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This article examines several fundamental concerns related to fraud prevention and control, as well as its consequences for Nigeria’s socioeconomic development through the use of public sector machinery.

The study employs the chi-square technique to test the dependence of the types of fraud and the areas covered on the public sector organisation in which they are committed, using records compiled from an earlier study covering 637 reported fraud cases in Nigeria committed between 1970 and 1990 in respect of three-tiers of government selected from ten (10) states.

The study establishes the dependence and argues for a comprehensive examination of audit approaches, among others, with a focus on fraud features and regions, drawing heavily on behavioural, equitable, sociological, and ethical principles.

1.1 Introduction.

Public demands and expectations at the grassroots for the provision of important social and basic services utilising government resources have remained astronomically high, as evidenced by increasing strain on the resources available to meet them.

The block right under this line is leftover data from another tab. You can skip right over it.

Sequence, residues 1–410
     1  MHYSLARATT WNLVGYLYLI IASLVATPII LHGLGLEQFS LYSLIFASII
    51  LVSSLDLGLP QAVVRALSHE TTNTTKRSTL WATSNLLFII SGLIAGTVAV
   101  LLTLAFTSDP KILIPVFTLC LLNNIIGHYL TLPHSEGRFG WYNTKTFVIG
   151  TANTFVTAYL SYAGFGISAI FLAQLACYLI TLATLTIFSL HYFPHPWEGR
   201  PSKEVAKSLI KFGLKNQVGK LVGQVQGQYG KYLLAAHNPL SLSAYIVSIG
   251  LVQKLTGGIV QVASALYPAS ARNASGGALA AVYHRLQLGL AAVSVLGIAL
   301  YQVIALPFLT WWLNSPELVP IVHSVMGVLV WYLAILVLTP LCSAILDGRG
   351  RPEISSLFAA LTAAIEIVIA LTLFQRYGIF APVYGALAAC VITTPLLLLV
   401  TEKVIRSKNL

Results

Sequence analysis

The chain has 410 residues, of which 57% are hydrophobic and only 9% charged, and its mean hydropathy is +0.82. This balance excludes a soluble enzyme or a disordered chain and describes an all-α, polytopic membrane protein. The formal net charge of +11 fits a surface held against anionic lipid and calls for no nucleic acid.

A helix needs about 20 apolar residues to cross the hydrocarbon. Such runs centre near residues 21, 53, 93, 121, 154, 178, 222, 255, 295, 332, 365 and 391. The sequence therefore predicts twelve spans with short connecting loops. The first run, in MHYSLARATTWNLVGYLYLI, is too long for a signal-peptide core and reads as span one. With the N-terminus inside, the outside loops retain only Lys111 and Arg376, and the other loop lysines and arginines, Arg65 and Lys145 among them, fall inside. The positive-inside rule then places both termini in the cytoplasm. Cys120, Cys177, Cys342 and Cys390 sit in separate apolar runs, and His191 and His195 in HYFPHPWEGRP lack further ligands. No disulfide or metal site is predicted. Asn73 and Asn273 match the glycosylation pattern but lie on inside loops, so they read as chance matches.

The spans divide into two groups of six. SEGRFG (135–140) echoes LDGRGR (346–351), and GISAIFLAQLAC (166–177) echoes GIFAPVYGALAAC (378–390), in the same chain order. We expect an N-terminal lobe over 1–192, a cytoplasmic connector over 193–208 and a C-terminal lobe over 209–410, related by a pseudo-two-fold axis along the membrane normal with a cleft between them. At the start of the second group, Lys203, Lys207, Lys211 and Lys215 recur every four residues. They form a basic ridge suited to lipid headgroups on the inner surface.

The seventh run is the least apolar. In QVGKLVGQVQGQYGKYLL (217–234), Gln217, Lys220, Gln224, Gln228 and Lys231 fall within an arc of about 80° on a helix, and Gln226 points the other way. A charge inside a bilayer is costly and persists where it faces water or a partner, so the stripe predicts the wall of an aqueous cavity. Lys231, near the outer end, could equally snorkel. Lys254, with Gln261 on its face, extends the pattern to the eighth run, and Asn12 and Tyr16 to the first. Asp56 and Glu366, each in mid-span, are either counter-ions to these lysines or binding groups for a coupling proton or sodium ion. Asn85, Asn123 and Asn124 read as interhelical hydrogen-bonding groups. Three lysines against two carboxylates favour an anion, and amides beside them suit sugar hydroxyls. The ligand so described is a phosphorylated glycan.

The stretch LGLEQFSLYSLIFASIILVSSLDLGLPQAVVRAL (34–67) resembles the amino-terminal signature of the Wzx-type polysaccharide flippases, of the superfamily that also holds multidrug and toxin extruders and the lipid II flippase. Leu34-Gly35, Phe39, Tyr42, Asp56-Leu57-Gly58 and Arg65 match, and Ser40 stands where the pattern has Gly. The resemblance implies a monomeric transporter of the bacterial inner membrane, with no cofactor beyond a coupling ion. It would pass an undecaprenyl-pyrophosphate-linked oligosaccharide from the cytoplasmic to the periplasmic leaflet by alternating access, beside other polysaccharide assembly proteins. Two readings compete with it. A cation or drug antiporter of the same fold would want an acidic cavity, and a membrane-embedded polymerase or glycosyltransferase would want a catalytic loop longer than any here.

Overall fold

This argument is easy to understand if we accept the simple reality that the strength of any government is determined by the performance of its development programmes, which are heavily reliant on the effective implementation of its policies by its bureaucrats and technocrats.

It is apparent that social, political, and economic progress are dependent on the effectiveness and efficiency of the bureaucracy, as well as the integrity of the bureaucrats. Government exists to serve the interests of its citizens. There must be a method to keep the former accountable to the latter.

A large sum of money is lost through fraud or due to internal control deficiencies and other criminal temptations, which, to say the least, drains the nation’s meagre resources through fraudulent means, with far-reaching and attendant consequences on the nation’s development or even socioeconomic or political programmes.

As Kamaluddeen (1991:1) comments, “billions of Naira is lost in the public sector every year through fraudulent means”. This, he claims, represents merely the quantity that is discovered and made public. Indeed, far larger sums are lost in undetected frauds or those that are kept quiet for other reasons.